Applied Energy, Vol.239, 1459-1470, 2019
Process design and economics for production of advanced biofuels from genetically modified lipid-producing sorghum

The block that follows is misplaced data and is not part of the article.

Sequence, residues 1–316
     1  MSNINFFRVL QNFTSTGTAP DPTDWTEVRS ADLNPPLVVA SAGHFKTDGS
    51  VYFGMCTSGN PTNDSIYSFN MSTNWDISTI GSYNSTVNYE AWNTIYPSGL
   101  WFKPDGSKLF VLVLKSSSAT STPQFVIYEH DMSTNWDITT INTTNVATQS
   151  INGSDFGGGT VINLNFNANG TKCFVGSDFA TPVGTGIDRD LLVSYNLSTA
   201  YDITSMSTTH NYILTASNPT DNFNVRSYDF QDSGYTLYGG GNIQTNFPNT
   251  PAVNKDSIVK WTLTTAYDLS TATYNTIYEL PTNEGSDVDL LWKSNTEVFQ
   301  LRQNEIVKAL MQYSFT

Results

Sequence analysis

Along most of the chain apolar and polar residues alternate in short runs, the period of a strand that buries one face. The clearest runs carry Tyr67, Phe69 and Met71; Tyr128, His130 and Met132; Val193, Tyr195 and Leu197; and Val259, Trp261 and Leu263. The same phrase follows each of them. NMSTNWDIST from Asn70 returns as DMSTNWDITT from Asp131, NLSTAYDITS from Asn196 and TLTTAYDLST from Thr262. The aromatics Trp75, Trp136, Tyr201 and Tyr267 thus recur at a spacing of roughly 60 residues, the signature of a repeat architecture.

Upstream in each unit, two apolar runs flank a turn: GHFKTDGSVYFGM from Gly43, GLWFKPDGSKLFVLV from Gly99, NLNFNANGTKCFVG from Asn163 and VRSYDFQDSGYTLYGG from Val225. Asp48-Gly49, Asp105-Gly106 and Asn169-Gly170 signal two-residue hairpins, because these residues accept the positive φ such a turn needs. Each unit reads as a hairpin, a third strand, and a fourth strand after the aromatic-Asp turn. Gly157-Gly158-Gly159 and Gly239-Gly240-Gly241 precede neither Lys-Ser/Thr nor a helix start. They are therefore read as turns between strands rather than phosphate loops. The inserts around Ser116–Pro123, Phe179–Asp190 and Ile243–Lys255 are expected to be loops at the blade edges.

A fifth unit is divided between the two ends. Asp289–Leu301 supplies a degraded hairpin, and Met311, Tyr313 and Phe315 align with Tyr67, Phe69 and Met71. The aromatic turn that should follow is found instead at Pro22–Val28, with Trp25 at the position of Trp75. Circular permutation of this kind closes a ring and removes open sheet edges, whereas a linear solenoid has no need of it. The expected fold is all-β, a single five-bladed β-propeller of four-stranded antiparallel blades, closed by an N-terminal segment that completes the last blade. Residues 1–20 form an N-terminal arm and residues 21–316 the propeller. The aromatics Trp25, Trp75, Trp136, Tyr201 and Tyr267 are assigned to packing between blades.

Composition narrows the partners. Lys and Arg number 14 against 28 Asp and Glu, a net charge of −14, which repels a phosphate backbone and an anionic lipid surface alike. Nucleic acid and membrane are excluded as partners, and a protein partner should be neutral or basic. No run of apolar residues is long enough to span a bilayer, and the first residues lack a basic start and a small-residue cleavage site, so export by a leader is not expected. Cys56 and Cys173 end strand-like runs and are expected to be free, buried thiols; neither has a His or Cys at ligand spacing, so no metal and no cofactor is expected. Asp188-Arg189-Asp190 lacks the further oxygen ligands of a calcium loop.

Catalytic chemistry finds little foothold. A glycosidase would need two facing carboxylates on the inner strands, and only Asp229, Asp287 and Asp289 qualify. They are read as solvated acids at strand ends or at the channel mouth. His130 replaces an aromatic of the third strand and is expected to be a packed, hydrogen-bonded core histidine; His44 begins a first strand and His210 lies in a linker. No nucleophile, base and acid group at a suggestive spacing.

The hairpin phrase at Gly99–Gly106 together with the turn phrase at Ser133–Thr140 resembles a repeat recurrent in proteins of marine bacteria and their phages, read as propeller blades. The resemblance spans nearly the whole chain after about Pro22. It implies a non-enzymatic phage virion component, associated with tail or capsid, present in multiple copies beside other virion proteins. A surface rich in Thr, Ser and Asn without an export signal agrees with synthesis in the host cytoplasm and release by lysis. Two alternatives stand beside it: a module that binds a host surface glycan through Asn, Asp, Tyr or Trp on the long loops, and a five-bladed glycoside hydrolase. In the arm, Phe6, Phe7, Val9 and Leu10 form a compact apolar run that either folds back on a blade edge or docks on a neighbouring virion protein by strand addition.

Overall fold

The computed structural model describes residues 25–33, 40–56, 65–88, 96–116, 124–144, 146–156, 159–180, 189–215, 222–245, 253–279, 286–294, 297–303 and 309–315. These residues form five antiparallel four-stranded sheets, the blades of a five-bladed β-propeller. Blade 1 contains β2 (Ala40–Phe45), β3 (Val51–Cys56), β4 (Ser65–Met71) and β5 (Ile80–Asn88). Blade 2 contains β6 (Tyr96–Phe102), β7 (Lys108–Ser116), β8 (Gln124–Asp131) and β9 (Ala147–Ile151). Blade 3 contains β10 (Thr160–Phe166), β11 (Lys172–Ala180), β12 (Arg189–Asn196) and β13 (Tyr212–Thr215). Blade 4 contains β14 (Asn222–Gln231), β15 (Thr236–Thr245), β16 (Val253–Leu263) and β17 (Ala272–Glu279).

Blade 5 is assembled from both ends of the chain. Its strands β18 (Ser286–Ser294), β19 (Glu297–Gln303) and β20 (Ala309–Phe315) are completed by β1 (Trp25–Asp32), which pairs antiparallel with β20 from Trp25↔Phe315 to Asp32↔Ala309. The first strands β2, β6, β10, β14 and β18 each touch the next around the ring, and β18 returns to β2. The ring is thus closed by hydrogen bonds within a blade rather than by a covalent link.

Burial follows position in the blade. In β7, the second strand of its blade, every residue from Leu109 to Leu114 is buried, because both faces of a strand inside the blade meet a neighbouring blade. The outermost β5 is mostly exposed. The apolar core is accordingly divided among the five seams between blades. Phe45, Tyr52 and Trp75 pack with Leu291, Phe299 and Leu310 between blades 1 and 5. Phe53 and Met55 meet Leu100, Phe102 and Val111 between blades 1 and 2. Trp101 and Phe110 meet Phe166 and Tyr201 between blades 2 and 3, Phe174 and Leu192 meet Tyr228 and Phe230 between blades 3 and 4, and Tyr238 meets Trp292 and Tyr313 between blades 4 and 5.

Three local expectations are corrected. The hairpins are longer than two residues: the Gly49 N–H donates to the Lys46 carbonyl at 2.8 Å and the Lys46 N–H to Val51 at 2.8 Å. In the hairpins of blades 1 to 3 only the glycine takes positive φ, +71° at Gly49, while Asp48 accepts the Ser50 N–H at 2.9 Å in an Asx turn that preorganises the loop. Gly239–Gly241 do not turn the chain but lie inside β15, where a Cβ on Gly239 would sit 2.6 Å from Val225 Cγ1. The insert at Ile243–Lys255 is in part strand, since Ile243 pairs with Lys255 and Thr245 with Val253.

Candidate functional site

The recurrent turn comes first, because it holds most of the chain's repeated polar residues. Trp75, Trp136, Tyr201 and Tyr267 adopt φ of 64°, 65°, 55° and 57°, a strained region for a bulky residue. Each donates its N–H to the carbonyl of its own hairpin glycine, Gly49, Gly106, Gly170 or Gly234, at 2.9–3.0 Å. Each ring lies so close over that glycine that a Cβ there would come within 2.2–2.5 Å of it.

This study evaluates the potential for making advanced biofuels from genetically modified (GM) lipid producing sorghum. A biodiesel coproduction process is developed to extract, purify, and upgrade lipids to diesel fuel while carbohydrates are utilized for making ethanol through acid thermal pretreatment, enzymatic hydrolysis, and fermentation. To assess the advantages of coproducing biodiesel from GM sorghum, process economics are compared to a cellulosic ethanol biorefinery receiving non-GM sorghum. Minimum ethanol selling prices (MESP) that reach a breakeven point after 30 years of service life are calculated as an economic index to compare the two processes. Results indicate that biodiesel coproduction improves the economics by lowering the MESP from $3.08/gal for the ethanol-only process to $2.46/gal. Sensitivity analyses reveal that increasing sorghum's lipid content, increasing the lipid extraction efficiency, and reducing the solvent-to-solids ratio in lipid extraction columns are the most important process parameters to further enhance technoeconomics. Analyses indicate that a lipid content above 13 wt% (dry basis) or a biomass price less than $65/Mg (dry basis) will result in a 2014 ethanol wholesale price of $2.25/gal for the coproduction process.